distribution with extreme outcomes. Markets can go to extremes until the news
changes.
3. Equal
numbers of value and momentum investors, with some additional assumptions,
trading in a mathematical market can produce a statistical distribution of
returns for which there is no predictive econometric time series model over the
short term. When nothing fundamental is happening, trading dynamics will be the
major influences upon prices. This is why the trading in financial assets
exceeds the levels required to adjust prices to changes in the fundamentals.
4. The
direction of the news affects the near term direction of the stock market. The
S&P 500 is affected by domestic economic trends, Fed policy, international trends, also the level of valuation about which more
later. These fundamental influences on the near term S&P 500 can be summed
by totaling the pluses, neutrals, and minuses.
5. From
the standpoints of both social policy and investments, unbounded outcomes are
not desirable. Alan Greenspan noted in (January 25, 2001) congressional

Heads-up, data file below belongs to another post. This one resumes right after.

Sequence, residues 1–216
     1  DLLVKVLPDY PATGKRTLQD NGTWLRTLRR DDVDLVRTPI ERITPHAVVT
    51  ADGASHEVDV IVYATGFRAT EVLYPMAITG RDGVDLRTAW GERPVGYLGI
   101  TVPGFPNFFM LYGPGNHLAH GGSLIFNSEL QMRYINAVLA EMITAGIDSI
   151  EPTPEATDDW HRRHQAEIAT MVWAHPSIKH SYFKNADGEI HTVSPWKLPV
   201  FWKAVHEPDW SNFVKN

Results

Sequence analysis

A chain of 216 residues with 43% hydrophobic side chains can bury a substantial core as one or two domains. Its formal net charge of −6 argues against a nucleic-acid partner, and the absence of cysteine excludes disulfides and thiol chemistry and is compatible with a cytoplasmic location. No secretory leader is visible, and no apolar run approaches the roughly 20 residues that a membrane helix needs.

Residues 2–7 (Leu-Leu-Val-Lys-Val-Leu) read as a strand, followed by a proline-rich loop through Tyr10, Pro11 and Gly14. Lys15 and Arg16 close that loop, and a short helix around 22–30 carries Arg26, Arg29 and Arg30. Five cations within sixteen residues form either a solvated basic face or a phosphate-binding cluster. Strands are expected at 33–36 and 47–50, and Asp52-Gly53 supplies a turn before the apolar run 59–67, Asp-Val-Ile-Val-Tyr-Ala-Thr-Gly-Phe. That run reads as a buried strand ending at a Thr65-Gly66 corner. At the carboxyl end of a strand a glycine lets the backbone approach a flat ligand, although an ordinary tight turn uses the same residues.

testimony that there is a qualitative difference between slowdowns and
recessions. In recessions, "marked declines breach consumer
confidence." Taking this to the extreme, a large decline in the economy
will affect confidence for many years. The goal of the Fed is therefore to
foster an economy and a financial market that are in greater degrees of
equilibrium than that to which unregulated markets tend.
6. A
portfolio structure that is appropriate to your temperament and circumstances
is the simplest way to handle the volatility of markets.
Pluralist
markets are the major means by which free societies coordinate the goals of
their participants. There is therefore a trading uncertainty within the context
of a general cyclicality that is modulated by Fed policy. Markets allocate
capital by communicating a general economic direction that operating profits
must prove out. Economic efficiency occurs mainly at the level of the company;
operating profits enable companies to continue to do what they do and their
stock prices to increase over the long term.
Markets
are "directional rather than biblical;" this can also be said for
social science research. Over the short term, the direction of the news affects
the direction of the market; actual prices being set mainly by the interaction
between value and momentum investors. Over the long term, prices increase as
dividends (earnings) increase.